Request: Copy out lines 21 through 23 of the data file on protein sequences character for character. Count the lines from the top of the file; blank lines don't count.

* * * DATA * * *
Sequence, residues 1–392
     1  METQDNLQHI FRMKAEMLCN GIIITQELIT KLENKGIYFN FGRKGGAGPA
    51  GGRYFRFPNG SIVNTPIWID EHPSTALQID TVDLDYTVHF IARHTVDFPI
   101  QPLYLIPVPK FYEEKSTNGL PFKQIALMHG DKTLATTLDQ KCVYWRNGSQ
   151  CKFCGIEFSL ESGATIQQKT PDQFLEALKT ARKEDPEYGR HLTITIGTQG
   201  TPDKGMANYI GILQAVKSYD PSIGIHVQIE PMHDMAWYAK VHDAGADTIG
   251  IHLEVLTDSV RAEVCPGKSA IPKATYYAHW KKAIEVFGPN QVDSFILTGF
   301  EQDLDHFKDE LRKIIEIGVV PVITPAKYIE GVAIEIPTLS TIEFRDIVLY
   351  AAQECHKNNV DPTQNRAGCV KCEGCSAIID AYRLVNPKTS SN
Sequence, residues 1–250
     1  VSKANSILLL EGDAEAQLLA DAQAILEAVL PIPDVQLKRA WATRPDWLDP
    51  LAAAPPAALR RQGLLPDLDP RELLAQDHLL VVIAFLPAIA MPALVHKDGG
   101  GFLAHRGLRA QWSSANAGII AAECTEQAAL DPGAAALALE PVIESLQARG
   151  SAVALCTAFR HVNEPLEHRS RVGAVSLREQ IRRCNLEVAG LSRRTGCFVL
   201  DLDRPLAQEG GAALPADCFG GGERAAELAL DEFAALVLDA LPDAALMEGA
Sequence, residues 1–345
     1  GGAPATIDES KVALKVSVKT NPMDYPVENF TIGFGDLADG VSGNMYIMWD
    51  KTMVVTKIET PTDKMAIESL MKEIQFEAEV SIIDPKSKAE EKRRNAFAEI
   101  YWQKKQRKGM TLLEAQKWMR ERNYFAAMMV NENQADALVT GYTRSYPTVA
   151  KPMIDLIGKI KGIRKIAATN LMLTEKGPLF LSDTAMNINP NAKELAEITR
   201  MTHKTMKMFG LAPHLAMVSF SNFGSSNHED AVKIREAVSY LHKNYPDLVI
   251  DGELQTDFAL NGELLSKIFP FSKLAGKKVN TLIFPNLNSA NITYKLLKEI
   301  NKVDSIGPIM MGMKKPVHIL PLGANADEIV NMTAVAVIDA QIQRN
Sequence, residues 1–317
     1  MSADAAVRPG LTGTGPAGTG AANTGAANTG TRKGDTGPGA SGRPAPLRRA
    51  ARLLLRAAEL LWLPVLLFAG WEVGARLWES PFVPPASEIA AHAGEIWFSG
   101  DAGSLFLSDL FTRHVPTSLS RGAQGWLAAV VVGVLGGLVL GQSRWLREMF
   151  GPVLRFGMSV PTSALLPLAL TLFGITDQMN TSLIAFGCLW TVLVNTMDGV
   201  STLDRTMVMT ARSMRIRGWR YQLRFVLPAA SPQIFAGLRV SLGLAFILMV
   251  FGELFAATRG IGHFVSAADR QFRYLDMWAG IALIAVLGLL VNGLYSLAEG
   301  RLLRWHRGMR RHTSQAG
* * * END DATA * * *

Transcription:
   201  MTHKTMKMFG LAPHLAMVSF SNFGSSNHED AVKIREAVSY LHKNYPDLVI
   251  DGELQTDFAL NGELLSKIFP FSKLAGKKVN TLIFPNLNSA NITYKLLKEI
   301  NKVDSIGPIM MGMKKPVHIL PLGANADEIV NMTAVAVIDA QIQRN